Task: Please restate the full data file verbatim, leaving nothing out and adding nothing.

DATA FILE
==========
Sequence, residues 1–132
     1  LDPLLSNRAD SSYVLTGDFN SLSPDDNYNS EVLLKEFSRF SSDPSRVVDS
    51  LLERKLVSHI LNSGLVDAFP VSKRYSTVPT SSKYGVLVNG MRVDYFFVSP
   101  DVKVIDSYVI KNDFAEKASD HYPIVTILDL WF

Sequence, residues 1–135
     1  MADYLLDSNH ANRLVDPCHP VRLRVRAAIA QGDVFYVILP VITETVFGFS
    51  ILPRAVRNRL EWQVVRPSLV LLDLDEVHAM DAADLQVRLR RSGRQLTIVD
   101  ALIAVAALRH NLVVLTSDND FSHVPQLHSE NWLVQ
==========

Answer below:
Sequence, residues 1–132
     1  LDPLLSNRAD SSYVLTGDFN SLSPDDNYNS EVLLKEFSRF SSDPSRVVDS
    51  LLERKLVSHI LNSGLVDAFP VSKRYSTVPT SSKYGVLVNG MRVDYFFVSP
   101  DVKVIDSYVI KNDFAEKASD HYPIVTILDL WF

Sequence, residues 1–135
     1  MADYLLDSNH ANRLVDPCHP VRLRVRAAIA QGDVFYVILP VITETVFGFS
    51  ILPRAVRNRL EWQVVRPSLV LLDLDEVHAM DAADLQVRLR RSGRQLTIVD
   101  ALIAVAALRH NLVVLTSDND FSHVPQLHSE NWLVQ